Epson SCSI scanner GT7000 driver and twain problem solved in XP

First of all you need to know that Epson sold this scanner in some countries as the Perfection 636U - so grab those drivers for your operating system on Epson's website.

* WATCH OUT what bit your set up is, 32 or 64!

Twain 5 will not work with a 32-bit set up

Go to device manager, find the scanner or question mark there and click on update driver, then point it at where you have saved the perfection 636U drivers on your computer.
Install the twain (version 3.42 that comes with it) and set up a shortcut on your desktop to it.

Twain 3.42 that comes with the Epson perfection 636U drivers, does work.
I am not able to "Get from scanner" in programs, but I can get into twain 3.42 with a desktop shortcut and scan and save from there, in bitmap format.
This of course, allows me to open the saved scans in other programs to change file type and edit.

I know the GT-7000 Epson scanner is an old piece of kit, but it's a great scanner, especially if you want to scan and adjust negatives.
I now have an old (ish) computer set up with windows XP  via the SCSI cable, that can scan, save and send my old pictures.

I hope it doesn't take you two days of testing and messing about, like it did for me!

Hotpoint washers - into battle with Indesit!

In the last 19 months I have had two brand new hotpoint washers.
As of yesterday, both hotpoint washers have now failed.

Into battle with Indesit - the corporate business that owns hotpoint - I go.

The first hotpoint was a "new" model, this turned out to be false, it was a clearance line and a replacement machine was unavailable.
This hotpoint first went faulty after just 3 months.
Four engineer visits later (4 days of waiting in and having time off work) the machine still continued to fail and we were offered a comparison replacement after informing Indesit of our intention to take them to small claims.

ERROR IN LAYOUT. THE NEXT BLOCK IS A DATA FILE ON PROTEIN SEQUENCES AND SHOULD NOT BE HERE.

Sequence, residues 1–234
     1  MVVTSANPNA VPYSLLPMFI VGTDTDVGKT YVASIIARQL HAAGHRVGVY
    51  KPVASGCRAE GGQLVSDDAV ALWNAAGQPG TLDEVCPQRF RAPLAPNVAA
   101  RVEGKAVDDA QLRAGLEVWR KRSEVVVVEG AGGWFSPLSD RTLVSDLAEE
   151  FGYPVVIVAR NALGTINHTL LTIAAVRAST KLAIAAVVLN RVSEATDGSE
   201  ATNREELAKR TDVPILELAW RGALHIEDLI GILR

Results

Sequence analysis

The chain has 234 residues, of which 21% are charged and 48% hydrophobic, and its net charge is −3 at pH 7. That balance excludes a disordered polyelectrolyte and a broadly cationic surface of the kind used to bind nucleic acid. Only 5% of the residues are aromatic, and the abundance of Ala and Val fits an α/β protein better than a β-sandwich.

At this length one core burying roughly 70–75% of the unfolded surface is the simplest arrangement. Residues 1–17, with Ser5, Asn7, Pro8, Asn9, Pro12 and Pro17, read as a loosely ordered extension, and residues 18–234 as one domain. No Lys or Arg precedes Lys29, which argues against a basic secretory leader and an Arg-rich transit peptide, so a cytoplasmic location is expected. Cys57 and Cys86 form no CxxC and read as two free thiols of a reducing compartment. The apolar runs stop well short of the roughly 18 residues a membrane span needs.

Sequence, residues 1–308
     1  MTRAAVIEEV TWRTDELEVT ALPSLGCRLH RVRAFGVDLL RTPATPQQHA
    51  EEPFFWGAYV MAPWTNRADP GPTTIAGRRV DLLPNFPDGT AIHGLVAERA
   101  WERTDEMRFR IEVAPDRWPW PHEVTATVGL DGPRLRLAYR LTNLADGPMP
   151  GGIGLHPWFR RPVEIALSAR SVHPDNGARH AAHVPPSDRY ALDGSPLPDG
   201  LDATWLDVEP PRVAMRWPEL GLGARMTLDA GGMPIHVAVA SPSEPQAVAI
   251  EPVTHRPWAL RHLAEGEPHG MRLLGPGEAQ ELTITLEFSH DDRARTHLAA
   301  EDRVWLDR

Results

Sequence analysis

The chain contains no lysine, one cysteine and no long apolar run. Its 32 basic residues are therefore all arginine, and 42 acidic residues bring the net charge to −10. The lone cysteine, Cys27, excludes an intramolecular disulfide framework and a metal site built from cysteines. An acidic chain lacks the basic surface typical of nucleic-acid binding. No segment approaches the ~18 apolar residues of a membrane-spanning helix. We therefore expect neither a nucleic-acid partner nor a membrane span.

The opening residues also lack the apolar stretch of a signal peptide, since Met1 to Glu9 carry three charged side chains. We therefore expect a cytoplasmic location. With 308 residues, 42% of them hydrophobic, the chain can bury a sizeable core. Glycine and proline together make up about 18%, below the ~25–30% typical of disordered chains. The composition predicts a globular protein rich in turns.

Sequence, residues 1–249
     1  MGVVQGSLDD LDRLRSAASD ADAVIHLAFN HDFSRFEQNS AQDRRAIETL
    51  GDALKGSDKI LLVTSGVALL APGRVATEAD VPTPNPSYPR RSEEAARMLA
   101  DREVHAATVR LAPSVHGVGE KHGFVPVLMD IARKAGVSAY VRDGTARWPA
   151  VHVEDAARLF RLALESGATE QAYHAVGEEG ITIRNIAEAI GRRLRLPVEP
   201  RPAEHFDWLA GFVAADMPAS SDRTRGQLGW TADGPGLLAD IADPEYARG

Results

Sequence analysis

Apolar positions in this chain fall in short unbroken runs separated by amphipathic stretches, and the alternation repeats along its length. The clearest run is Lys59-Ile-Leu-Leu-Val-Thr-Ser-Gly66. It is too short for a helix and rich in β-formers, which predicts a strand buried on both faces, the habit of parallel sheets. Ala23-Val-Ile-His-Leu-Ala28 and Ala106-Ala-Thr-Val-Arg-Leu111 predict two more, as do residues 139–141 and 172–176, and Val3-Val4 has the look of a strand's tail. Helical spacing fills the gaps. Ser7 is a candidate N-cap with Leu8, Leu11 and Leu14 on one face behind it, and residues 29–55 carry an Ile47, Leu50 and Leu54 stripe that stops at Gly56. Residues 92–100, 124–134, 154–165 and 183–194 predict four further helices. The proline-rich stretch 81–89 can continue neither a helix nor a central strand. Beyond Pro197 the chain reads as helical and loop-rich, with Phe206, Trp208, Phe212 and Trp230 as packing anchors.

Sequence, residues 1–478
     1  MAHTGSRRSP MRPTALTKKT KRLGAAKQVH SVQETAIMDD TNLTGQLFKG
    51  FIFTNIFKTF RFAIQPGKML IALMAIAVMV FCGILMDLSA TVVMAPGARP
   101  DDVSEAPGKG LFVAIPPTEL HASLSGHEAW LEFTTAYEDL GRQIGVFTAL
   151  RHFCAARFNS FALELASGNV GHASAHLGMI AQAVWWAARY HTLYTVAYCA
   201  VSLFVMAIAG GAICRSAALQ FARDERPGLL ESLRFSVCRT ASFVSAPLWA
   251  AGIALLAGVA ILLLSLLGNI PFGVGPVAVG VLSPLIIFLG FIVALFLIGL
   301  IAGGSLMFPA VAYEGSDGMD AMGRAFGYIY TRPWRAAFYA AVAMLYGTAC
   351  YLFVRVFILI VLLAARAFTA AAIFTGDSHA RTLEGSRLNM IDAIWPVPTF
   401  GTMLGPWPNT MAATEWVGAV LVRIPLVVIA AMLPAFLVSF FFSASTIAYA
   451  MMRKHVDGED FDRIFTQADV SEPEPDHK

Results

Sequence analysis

The comparison, was no comparison at all. Several standard features of the original machine were missing from their replacement.
Eventually, after many phone calls back and forth, they stood down and matched the features of the machine we had originally bought, with a new machine.

Within six months, this "new" washer started to sound like a jumbo jet landing when it started to spin.
It leaks water from the bottom at random.
But it did wash clothes so on we went.
Now aged just thirteen months old, a small pole type piece was found in the drum after a wash.
Now it is staining all the clothes being washed and leaving oil residue in the drum after each wash.
It is kaput, broken, unusable.

Of course this new hotpoint washing machine is less than one month out of it's basic 12 month warranty, so there's nothing that can be done and we will have to empty our emergency reserve and borrow some money to buy a replacement.
Or will we?

Under the sale of goods act, items must be "fit for purpose" of which they were bought.
They must also last for a reasonable timescale, before needing replacement.
I don't believe 13 months is an acceptable age for a brand new washing machine to last.
Starting from Monday, I will go to Indesit directly to see how we get on. I'll post updates here as I get them.

*UPDATE
Good news... the washer was fixed by Indesit, an entire new drum assembly was fitted, after the inspection. It took two weeks to come back into stock, but the washing machine is now working better than it's ever done.

Well done to Indesit service, for a quick and hassle free repair, all done without any cost to us, as they honoured the machine being fixed outside of it's standard 12 month warranty. So credit where it's due, a pleasant surprise Indesit, long may it continue!

Frugal food shopping - local market greengrocers

A visit to my local market greengrocer, every Saturday morning offers a fantastic frugal way of keeping food costs down and allows my family to eat "fresh" every week.

I flatly refuse to buy fruit and veg from a supermarket, have done for around 7 years now.
Saves time - the convenience claims of supermarkets are nonsense.
I can shop far quicker around my local market, for most of my shopping, in half the time it takes to trawl around a supermarket.